In October, I created a Google spreadsheet called “Shitty Media Men” that collected a range of rumors and allegations of sexual misconduct, much of it violent, by men in magazines and publishing. The anonymous, crowdsourced document was a first attempt at solving what has seemed like an intractable problem: how women can protect ourselves from sexual harassment and assault.
One long-standing partial remedy that women have developed is the whisper network, informal alliances that pass on open secrets and warn women away from serial assaulters. Many of these networks have been invaluable in protecting their members. Still, whisper networks are social alliances, and as such, they’re unreliable. They can be elitist, or just insular. As Jenna Wortham pointed out in The New York Times Magazine, they are also prone to exclude women of color. Fundamentally, a whisper network consists of private conversations, and the document that I created was meant to be private as well. It was active for only a few hours, during which it spread much further and much faster than I ever anticipated, and in the end, the once-private document was made public — first when its existence was revealed in a BuzzFeed article by Doree Shafrir, then when the document itself was posted on Reddit.
A slew of think pieces ensued, with commentators alternately condemning the document as reckless, malicious, or puritanically anti-sex. Many called the document irresponsible, emphasizing that since it was anonymous, false accusations could be added without consequence. Others said that it ignored established channels in favor of what they thought was vigilantism and that they felt uncomfortable that it contained allegations both of violent assaults and inappropriate messages. Still other people just saw it as catty and mean, something like the “Burn Book” from Mean Girls. Because the document circulated among writers and journalists, many of the people assigned to write about it had received it from friends. Some faced the difficult experience of seeing other, male friends named. Many commentators expressed sympathy with the aims of the document — women warning women, trying to help one another — but thought that its technique was too radical. They objected to the anonymity, or to the digital format, or to writing these allegations down at all. Eventually, some media companies conducted investigations into employees who appeared on the spreadsheet; some of those men left their jobs or were fired.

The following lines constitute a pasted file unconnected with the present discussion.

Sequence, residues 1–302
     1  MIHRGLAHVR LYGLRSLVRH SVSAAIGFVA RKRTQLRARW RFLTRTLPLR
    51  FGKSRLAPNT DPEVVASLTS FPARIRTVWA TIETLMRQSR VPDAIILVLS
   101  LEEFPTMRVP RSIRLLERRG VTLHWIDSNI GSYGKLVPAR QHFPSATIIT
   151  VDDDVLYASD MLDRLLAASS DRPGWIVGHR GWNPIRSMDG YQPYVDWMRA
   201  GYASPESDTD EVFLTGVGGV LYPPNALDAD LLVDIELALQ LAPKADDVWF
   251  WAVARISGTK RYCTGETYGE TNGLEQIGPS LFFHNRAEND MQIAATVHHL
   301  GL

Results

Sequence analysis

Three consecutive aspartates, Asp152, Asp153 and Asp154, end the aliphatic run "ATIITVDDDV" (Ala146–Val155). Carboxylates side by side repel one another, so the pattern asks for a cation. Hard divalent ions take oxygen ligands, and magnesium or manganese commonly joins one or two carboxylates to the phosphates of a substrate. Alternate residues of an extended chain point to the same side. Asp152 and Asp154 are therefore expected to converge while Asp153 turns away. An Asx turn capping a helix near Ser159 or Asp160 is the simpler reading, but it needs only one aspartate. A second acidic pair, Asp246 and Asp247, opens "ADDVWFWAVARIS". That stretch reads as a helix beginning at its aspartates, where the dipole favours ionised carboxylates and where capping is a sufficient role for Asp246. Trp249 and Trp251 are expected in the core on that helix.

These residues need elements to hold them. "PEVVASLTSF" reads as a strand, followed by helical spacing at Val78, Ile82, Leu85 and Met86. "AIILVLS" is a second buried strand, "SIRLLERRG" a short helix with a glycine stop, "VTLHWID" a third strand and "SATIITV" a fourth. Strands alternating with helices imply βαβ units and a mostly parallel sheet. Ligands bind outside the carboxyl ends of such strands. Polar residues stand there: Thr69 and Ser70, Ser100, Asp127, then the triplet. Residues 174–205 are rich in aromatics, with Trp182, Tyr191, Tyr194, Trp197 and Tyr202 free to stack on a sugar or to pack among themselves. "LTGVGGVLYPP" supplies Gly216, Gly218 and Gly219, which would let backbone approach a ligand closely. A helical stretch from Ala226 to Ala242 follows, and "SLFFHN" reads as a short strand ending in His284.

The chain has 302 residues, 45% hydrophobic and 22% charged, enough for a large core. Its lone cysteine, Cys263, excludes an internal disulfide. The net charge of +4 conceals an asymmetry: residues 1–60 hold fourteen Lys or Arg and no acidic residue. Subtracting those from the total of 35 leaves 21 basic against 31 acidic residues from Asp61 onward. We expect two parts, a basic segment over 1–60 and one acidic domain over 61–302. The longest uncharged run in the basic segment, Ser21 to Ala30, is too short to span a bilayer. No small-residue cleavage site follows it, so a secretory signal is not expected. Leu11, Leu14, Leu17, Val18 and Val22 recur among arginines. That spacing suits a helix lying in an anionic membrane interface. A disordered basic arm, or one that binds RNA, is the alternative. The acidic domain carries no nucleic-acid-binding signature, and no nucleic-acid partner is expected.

None of this was what I thought was going to happen. In the beginning, I only wanted to create a place for women to share their stories of harassment and assault without being needlessly discredited or judged. The hope was to create an alternate avenue to report this kind of behavior and warn others without fear of retaliation. Too often, for someone looking to report an incident or to make habitual behavior stop, all the available options are bad ones. The police are notoriously inept at handling sexual-assault cases. Human-resources departments, in offices that have them, are tasked not with protecting employees but with shielding the company from liability — meaning that in the frequent occasion that the offender is a member of management and the victim is not, HR’s priorities lie with the accused. When a reporting channel has enforcement power, like an HR department or the police, it also has an obligation to presume innocence. In contrast, the value of the spreadsheet was that it had no enforcement mechanisms: Without legal authority or professional power, it offered an impartial, rather than adversarial, tool to those who used it. It was intended specifically not to inflict consequences, not to be a weapon — and yet, once it became public, many people immediately saw it as exactly that.